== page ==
Update for 12 pm ET: The live webcast of asteroid 7335 (1989 JA) has concluded. Read our wrap of the asteroid flyby and see a replay of the webcast above.
A huge asteroid more than a mile wide will zoom safely by Earth today and you can watch it live today in a free online webcast.
The asteroid, known as asteroid 7335 (1989 JA), is four times the size of the Empire State Building and will pass the Earth at a distance about 10 times that of the space between the Earth and moon. It is the largest asteroid flyby of 2022 yet, but the space rock will remain at a perfectly safe distance to our planet.
The Virtual Telescope Project will run a webcast of the flyby at 9 a.m. EDT (1300 GMT) on May 27; you can watch the flyby in the window above or directly through the project's website (opens in new tab).
Asteroid 7335 (1989 JA) is roughly 1.1. miles (1.8 kilometers) in diameter and its closest approach is a quite healthy 2.5 million miles (4 million km) away from Earth. The asteroid should be bright enough to glimpse in a moderate-sized amateur telescope, particularly from the southern hemisphere, Virtual Telescope Project founder Gianluca Masi noted.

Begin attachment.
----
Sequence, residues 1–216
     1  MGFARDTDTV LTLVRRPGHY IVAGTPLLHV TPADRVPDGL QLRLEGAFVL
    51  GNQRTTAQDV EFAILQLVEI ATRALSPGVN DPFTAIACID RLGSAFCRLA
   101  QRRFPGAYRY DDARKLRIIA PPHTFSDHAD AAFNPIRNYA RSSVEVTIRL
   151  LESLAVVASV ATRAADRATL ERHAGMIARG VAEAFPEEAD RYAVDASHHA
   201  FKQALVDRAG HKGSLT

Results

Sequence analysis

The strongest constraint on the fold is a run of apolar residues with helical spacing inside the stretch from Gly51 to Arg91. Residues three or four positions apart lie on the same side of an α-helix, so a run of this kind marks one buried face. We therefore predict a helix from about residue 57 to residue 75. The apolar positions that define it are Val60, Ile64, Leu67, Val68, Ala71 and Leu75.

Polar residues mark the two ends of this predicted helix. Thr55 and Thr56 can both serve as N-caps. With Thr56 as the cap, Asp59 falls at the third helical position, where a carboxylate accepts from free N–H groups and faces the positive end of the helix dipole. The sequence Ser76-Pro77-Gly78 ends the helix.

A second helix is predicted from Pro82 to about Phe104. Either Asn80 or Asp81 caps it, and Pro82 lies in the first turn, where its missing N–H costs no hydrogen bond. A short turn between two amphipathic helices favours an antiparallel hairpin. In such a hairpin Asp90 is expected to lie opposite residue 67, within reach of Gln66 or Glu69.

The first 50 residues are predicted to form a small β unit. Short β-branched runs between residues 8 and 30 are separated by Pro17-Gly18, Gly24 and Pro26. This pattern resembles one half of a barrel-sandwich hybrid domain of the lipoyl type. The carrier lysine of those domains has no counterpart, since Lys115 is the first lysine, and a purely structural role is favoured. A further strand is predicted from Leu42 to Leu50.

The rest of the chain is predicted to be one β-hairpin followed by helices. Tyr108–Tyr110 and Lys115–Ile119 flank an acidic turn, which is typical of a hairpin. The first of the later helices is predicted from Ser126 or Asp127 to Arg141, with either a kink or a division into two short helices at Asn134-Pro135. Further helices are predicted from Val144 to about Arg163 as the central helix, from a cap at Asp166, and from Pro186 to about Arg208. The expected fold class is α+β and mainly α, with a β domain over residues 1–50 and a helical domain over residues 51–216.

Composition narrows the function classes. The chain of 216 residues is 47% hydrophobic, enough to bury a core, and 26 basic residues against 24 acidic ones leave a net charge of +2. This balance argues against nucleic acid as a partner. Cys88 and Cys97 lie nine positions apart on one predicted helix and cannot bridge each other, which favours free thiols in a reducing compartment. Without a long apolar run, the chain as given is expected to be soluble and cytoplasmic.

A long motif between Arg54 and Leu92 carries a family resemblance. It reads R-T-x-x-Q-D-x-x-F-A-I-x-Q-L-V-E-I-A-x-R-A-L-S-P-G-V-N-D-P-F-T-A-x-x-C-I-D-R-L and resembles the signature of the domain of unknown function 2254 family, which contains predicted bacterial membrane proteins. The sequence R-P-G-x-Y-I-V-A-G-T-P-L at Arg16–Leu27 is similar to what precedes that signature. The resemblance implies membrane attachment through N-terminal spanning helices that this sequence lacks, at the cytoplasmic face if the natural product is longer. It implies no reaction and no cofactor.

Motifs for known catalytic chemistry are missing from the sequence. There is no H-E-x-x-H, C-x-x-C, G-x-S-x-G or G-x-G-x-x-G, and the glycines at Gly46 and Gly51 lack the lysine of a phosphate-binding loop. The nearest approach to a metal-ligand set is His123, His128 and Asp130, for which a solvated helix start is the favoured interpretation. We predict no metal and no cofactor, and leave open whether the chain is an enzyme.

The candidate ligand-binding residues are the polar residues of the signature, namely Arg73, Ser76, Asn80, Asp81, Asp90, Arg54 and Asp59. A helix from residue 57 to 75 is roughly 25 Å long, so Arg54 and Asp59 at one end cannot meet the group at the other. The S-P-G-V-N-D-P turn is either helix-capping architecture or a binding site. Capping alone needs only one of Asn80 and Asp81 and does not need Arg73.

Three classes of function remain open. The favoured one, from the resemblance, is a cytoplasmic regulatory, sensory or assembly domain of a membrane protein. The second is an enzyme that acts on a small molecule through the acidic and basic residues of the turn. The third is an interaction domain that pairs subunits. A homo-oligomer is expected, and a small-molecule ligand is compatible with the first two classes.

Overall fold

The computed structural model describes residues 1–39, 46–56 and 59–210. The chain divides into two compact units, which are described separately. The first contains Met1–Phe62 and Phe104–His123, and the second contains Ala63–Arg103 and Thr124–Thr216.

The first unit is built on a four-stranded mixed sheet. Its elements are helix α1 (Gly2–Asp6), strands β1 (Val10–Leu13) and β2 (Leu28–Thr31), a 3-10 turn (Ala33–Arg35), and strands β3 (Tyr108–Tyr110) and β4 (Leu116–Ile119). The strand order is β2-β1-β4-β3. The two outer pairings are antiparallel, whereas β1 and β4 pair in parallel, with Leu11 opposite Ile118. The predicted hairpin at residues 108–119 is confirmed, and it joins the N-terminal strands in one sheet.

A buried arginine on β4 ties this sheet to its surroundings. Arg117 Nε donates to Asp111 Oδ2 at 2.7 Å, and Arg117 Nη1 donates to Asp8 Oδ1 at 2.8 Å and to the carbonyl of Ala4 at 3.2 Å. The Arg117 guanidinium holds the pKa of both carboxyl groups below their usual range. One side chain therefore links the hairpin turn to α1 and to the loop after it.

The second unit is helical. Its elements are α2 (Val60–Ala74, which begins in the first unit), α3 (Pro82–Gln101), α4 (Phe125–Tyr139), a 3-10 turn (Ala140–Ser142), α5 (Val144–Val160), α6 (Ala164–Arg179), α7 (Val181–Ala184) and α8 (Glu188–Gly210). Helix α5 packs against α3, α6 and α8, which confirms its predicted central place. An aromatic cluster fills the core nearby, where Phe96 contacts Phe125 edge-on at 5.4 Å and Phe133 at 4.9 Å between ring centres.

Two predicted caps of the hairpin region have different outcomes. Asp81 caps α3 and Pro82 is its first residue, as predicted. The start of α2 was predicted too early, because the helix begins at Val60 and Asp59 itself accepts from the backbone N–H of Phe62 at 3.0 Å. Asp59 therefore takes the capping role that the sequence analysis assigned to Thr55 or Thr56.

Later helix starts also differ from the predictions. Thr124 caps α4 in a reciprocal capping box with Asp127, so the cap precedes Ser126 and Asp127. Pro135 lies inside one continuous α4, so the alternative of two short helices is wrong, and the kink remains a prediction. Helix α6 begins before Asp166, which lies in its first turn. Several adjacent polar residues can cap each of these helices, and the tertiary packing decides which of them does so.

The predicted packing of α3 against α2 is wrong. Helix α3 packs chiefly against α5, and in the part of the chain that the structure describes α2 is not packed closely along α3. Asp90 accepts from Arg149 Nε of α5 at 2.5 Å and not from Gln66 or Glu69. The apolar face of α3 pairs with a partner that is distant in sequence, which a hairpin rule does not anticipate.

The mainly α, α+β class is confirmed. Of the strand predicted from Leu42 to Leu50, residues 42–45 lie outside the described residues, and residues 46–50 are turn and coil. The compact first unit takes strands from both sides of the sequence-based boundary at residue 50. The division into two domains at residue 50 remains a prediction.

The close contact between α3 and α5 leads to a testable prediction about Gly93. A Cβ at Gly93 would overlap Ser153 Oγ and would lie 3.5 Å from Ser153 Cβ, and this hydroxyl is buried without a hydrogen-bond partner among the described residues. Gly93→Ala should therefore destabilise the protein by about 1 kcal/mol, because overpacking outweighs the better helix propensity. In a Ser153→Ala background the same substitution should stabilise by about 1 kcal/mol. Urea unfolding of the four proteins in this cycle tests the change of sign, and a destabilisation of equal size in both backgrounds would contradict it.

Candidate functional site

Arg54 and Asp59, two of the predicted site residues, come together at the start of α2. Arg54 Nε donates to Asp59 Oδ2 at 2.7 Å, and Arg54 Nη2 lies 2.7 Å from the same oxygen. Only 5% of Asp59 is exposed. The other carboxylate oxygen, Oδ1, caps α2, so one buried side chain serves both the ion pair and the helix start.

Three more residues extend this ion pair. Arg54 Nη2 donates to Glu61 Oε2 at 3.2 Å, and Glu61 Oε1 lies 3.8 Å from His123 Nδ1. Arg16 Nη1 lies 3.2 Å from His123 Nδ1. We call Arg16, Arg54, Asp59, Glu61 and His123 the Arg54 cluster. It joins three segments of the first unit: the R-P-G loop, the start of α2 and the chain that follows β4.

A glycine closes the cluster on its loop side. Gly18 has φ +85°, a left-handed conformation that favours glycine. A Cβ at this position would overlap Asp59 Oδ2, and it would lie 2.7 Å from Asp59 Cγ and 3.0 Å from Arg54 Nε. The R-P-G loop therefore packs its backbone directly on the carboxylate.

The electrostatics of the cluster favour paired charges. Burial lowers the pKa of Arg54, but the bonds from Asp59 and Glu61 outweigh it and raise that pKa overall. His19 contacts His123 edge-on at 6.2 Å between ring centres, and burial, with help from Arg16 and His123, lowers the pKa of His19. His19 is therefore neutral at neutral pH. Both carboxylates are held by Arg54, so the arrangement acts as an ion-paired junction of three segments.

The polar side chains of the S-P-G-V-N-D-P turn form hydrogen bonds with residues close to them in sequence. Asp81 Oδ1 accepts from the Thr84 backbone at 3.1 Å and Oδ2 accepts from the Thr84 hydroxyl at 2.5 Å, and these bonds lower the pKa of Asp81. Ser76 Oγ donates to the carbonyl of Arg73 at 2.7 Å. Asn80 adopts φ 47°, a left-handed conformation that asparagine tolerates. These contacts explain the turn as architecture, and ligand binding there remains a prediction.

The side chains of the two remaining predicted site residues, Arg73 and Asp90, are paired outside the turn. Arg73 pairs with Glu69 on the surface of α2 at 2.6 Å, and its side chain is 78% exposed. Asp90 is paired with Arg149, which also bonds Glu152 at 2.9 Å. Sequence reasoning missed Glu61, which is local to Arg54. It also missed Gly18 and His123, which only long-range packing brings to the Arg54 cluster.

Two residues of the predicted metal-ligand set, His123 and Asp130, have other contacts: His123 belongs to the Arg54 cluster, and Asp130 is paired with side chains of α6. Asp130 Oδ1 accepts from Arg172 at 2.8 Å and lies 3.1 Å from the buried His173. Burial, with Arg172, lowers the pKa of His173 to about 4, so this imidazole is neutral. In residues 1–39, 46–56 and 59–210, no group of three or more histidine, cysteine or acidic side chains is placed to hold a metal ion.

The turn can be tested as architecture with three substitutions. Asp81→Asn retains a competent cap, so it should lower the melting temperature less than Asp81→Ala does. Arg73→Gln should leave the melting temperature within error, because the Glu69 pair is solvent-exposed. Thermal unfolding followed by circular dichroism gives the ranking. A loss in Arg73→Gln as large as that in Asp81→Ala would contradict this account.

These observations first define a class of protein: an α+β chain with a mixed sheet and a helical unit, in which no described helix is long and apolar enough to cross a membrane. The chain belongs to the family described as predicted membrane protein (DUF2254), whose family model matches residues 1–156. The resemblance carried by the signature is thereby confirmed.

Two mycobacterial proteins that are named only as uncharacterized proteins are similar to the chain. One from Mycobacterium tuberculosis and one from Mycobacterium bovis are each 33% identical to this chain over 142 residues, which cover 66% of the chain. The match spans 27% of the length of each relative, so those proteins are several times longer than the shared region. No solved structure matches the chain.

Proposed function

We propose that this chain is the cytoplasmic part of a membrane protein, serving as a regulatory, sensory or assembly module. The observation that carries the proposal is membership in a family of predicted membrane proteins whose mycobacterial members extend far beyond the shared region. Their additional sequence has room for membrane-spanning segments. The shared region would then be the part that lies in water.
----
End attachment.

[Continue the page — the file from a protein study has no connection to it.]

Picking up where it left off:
Asteroid 7335 (1989 JA) is technically classified as "potentially hazardous," but that is more a designation based on its relative size (larger than 492 feet or 150 m) and the distance at which the object approaches Earth, among other factors.
NASA's Planetary Defense Coordination Office has found the object to be no threat at all. You can keep track of other prominent upcoming flybys (opens in new tab) and the agency's Small-Body Database (opens in new tab) to learn more about asteroids.
The agency does maintain a curated list of asteroids (opens in new tab) with a tiny and statistically improbable chance of impact, but none of these are an immediate worry. The agency also keeps this pate updated. For example, asteroid Apophis was removed from the list in 2021 after new observations show it poses no threat at all in the next century.
Agencies around the world are also conducting missions to learn more about the composition and history of asteroids.
Examples include the Double Asteroid Redirection Test (DART) mission aiming to redirect a moonlet (asteroid moon) and OSIRIS-REX (Origins, Spectral Interpretation, Resource Identification, Security, Regolith Explorer), which will bring a sample of asteroid Bennu to Earth in 2023.
These missions are done to assess the composition of asteroids just in case, and space agencies are also getting better at tracking asteroids. That's why it might appear there are so many space rocks going by us these days.